A simple and neat 1909 shaving system

Early in 1909 Mr O A Clark filed a patent for a razor that looks remarkable modern. A little too modern for the time perhaps… it used a slotted blade, something that didn’t catch on until the 30’s. But Mr Clark didn’t stop by patenting a razor. He also patented the blade by itself, which had some neat features. He patented a way to pack and dispense the blades neatly. And he patented the way to manufacture his special blades. In short, Osroe A Clark dreamt up and patented a whole shaving system. Which seems to have sunk without much of a trace… shame, really.

The razor

Seen from today, the razor was nothing spectacular. Seen from 1909, it a harbinger of the future.

Patent drawing showing the razor component of Clark's 1909 shaving system.
The patent drawing from US patent 933,020

The razor was a simple three piece device. It consisted of a top cap, a bottom plate, and a handle. The top cap had a central post with screw threads. The handle had a hole on top with matching threads. When assembled, the handle and top cap sandwiched the blade and bottom plate between them. So far the same as any other three piece razor, such as the Gillette Old.

What made the razor special – at least compared to the then new Gillette Old – was the lack of two pins on the top cap and matching holes in the bottom plate. Instead the Clark razor had a raised bar1 on the bottom plate and matching recesses2 in the top cap. The bar lined up with the oblong hole in the blade, securely positioning it in the razor. Or as the patent text says:

The invention is particularly designed to provide co-acting means on the guard and on the face plate to hold the face plate and the backing in register and to position them when they are assembled, and also to provide the blade with a perforation to permit the assembling of the parts through the blade and to also permit the blade to surround the positioning means or the co-acting means for holding the guard and the face plate in register so that the blade is also held in its proper position with its edges in parallel relation with the edges of the guard.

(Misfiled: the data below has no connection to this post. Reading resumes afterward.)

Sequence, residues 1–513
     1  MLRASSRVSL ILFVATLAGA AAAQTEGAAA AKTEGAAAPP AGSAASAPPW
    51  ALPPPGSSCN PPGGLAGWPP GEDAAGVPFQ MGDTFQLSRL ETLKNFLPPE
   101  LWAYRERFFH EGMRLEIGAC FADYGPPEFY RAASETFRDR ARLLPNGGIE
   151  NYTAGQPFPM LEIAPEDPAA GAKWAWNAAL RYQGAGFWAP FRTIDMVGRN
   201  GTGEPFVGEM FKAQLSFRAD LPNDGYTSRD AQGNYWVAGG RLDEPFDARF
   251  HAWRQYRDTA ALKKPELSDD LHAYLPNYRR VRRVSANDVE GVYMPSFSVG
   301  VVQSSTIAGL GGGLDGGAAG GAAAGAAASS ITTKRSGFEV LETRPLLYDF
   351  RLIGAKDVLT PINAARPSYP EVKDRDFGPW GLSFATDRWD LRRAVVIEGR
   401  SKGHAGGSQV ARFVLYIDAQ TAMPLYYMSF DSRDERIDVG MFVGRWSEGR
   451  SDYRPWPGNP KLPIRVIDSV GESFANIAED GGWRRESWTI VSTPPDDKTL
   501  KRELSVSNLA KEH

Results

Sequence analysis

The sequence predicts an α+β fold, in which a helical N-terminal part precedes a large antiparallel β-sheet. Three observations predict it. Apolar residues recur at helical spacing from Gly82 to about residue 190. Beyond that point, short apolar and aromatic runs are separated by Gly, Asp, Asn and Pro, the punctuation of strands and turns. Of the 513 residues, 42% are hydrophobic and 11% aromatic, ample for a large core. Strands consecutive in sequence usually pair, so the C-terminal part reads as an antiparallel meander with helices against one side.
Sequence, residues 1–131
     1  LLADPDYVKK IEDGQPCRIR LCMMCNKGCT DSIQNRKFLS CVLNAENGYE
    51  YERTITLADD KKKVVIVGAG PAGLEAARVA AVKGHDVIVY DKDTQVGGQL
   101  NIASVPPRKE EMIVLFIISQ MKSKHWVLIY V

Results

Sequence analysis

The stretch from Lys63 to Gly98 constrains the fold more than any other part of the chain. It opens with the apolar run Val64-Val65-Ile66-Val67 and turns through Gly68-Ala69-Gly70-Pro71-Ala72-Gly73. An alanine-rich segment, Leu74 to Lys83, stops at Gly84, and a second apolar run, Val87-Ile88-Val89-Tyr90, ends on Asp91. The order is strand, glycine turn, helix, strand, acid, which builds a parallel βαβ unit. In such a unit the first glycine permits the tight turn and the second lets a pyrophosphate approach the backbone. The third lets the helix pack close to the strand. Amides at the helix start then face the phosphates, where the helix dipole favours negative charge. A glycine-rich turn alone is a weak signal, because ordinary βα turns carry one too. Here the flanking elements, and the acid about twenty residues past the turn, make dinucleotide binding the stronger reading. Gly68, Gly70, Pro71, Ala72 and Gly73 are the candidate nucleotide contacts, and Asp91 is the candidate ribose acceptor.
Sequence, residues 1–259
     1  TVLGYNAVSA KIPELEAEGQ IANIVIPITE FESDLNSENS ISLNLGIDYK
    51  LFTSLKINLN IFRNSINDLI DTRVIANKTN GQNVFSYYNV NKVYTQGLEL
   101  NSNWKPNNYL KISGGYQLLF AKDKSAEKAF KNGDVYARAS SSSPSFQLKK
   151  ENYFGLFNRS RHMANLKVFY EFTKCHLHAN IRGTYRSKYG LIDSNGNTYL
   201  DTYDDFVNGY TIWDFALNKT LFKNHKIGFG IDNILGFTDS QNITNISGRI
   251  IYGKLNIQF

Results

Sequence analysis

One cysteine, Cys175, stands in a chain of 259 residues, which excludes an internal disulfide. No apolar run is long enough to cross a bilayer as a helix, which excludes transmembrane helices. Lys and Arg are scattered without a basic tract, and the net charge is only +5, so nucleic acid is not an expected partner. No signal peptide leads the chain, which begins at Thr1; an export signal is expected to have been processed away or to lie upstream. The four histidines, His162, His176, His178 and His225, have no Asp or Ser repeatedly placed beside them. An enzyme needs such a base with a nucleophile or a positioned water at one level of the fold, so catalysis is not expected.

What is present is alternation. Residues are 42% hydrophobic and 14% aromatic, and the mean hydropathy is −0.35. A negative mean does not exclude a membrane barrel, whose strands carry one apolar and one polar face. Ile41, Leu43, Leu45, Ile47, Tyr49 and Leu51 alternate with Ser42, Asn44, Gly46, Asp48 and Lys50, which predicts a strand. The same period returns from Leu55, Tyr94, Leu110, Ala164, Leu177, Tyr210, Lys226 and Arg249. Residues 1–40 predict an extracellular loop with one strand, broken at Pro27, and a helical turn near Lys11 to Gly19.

From US patent 933,020

Clear as mud, as patent texts often are. But in short the raised bar holds both blade and cap in the right position – just like the pins and holes did for the Gillette Old.

Blade and blade manufacture

While a shaver might consider the razor the primary thing, for a shaving system the blade is really the heart of it all. No blade, no system. And while Osroe A Clark did describe the blade in detail in his patent on the razor, he did patent an improved blade and the means of making it a few months after filing the razor patent.

The problem with a slotted blade, as Mr Clark no doubt realised early on, is that there is less material keeping the two edged attached to each other. And if the blade is brittle… it will snap when bent. As the patent puts it:

When so bent, blades have been known to break frequently, and the loss on this account is considerable. The blades are of hard metal and are brittle, the greatest strain coming about at the longitudinal center of the blade where the contraction on one surface and the tension on the opposite surface is greatest.

From US patent 967,500

And the solution? Make the middle of the blade softer or more flexible. The same concept as we find in other inventions, such as the one patented by Georg Friedrich Hofmann at roughly the same time. But while Hofman envisioned a built up blade consisting of multiple part, Clark simply made the unitary blade more bendy in the middle.

Patent drawing showeing the blade from Clark's 19909 shaving system.
Patent drawing from US patent 967,500

Clark achieved this by grinding the centre of the blade thinner. As the stiffness of a plate is governed mainly by the thickness, reducing the thickness makes it more bendy.

In his patent on razor blade manufacture, Mr Clark showed another way of achieving a more bendy middle. This was by heat treating the middle of the blade, since annealed steel is softer than hardened steel. The annealing was to be done with two heated rollers3, between which the steel strip would pass.